PSYC 479 - Special Research Experience in Psychology - Course credit related to supervised research activity within the Department of Psychology, such as working as a Research Assistant (RA) for a faculty member or graduate student. A faculty member must agree to supervise your research activity before you can apply for course credit. 

Directions for receiving research, teaching assistant, or internship credit can be found on the PSYC Forms webpage. 


If you have additional questions please email psycadvising [at]

Before applying to earn PSYC478 or 479 credit, a faculty member must agree to supervise your work. Please see specific details for applying for course credit below: 


PSYC478 - Independent Research in Psychology - Course credit related to independent study (IS) activity within the Department of Psychology, such as completing a self-designed course or serving as a Teaching Assistant (TA) for a faculty member or graduate student. A faculty member must agree to supervise your independent study before you can apply for course credit. For more information and to learn about PSYC478 Independent Studies, click here.

PSYC 479 - Special Research Experience in Psychology - Course credit related to supervised research activity within the Department of Psychology, such as working as a Research Assistant (RA) for a faculty member or graduate student. A faculty member must agree to supervise your research activity before you can apply for course credit. To find out more about the process and access the application form, click here.

Directions for receiving research, teaching assistant, or internship credit can be found on the PSYC Forms webpage. 


Looking for a PSYC internship but don't know where to start? Use the resources below for help!

To find out more about searching for an internship, click here.

Earn Credit for an internship by taking PSYC389.

  • PSYC 389 is a course through which undergraduate psychology majors can earn academic credit for a professionally supervised internship experience.

Find out more about earning internship credit, here.

There are several opportunities to get involved in the Psychology department in and outside of the classroom! A few options, and the links to the web pages with more information, are listed below. Regular updates on Psychology-related opportunities are posted on the PSYC E-News blog.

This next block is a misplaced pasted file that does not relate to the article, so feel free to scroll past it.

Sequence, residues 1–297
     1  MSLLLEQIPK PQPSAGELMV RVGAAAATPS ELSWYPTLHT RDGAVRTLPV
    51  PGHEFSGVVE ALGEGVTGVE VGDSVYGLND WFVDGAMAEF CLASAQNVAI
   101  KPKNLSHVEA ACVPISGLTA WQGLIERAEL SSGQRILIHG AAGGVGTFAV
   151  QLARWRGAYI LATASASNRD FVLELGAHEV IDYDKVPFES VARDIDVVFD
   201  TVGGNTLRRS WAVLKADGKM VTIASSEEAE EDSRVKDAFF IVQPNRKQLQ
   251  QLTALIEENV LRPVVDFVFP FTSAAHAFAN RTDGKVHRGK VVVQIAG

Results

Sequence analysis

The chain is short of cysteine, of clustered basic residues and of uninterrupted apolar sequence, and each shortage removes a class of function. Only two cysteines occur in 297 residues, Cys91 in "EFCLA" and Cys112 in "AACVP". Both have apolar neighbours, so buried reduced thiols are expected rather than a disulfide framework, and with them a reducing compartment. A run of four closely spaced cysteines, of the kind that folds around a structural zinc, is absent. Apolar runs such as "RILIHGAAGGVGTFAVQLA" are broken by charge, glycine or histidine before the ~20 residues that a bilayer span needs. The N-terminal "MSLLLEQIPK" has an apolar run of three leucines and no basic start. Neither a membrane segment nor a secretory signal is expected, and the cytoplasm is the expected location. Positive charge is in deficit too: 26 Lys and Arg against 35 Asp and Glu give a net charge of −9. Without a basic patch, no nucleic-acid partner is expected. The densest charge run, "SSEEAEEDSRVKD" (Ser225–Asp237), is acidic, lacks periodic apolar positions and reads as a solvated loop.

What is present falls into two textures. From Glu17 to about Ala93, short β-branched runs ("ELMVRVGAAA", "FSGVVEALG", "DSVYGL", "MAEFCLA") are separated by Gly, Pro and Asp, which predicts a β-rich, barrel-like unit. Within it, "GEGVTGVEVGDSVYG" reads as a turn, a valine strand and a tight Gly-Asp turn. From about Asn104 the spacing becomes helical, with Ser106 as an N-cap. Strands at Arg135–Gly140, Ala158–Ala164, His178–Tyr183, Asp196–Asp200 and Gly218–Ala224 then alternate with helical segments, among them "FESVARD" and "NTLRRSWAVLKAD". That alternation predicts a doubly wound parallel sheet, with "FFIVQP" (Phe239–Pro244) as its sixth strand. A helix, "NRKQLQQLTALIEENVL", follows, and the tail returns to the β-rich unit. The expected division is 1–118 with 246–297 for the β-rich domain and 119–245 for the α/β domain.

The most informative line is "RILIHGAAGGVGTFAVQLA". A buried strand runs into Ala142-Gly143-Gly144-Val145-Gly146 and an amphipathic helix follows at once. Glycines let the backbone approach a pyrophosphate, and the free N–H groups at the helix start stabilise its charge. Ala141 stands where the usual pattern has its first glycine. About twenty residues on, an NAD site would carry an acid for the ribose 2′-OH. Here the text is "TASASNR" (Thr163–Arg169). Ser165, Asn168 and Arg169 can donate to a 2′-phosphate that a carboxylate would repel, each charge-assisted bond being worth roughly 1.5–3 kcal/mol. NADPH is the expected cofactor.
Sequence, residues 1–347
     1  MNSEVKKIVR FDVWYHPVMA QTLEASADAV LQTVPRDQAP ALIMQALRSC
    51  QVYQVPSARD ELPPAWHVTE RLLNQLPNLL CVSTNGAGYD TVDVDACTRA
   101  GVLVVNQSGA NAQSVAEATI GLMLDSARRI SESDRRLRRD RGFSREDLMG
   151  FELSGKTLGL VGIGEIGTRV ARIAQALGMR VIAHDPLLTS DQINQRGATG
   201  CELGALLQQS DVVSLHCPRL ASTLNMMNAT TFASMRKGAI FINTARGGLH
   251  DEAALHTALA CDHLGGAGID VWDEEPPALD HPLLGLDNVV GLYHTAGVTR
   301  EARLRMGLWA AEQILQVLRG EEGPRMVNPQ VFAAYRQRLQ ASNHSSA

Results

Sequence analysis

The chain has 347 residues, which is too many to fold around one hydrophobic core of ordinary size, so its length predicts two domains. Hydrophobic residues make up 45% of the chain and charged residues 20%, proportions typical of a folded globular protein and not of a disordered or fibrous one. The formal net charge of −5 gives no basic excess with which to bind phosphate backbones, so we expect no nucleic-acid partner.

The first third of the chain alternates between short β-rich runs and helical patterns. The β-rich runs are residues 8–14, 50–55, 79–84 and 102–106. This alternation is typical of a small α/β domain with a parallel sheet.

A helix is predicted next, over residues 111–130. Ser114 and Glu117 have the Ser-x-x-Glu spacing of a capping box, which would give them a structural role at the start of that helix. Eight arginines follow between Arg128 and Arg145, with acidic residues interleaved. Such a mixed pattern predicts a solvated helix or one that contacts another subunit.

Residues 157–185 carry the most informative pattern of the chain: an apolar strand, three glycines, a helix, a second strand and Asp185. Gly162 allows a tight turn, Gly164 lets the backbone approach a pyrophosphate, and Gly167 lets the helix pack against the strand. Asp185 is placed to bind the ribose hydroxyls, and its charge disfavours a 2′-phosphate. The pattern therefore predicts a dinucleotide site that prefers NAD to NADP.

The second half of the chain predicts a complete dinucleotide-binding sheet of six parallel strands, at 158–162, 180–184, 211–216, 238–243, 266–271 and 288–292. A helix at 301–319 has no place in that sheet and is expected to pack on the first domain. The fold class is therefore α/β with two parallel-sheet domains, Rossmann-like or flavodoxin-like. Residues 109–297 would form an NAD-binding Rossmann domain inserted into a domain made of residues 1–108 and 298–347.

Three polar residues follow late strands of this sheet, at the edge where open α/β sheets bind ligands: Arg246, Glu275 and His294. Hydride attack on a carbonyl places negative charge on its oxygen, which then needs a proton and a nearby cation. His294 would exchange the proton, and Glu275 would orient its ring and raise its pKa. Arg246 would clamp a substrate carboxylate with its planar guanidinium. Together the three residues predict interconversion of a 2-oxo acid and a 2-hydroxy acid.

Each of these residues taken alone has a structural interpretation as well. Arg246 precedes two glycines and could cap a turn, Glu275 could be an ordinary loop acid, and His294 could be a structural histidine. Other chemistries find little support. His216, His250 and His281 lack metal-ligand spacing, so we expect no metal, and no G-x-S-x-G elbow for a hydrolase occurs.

In addition, attending office hours, study sessions, and class-related activities are great ways to build a connection with faculty, graduate students, and fellow PSYC undergraduate students. 

7. Graduate Study in Psychology FAQs

No, we do not offer any accelerated programs in Psychology. Students interested in pursuing masters/doctoral programs in psychology complete their 4-year Bachelors Degree and typically apply for graduate school the fall of their senior year or take a few years off to gain experience and then apply.

Freshman - Junior Year

  • Gain relevant research and clinical/helping experience
    • It’s best to start gaining relevant experience early
    • Apply to research assistant positions posted on the PSYC blog or email professors directly about opportunities in their lab (best to apply/email either summer before or winter of sophomore year)
    • Inquire about serving as a TA for a PSYC course you performed well in
    • Look into Internship opportunities to gain research and/or clinical experience in psychology:
    • Look into opportunities in your research lab to present a poster or contribute to a journal article (Grad schools typically like to see that you have presented research and been a co-author on a poster submission or manuscript)
    • Attend (or Present a poster) at Undergraduate Psychology Research Day

Summer before Senior Year

  • Assemble a list of graduate programs you want to apply to
  • Prepare for graduate school applications
    • Draft a statement of purpose for graduate school and get family, friends, advisors, and faculty mentors to provide feedback
    • Create your CV
    • Take the GRE before the start of the Fall semester

Senior Year (Fall semester)

  • Ask faculty mentor(s) for letters of recommendation (The earlier the better! Give them at least two weeks if not more to write the letter)
  • Complete and submit graduate school applications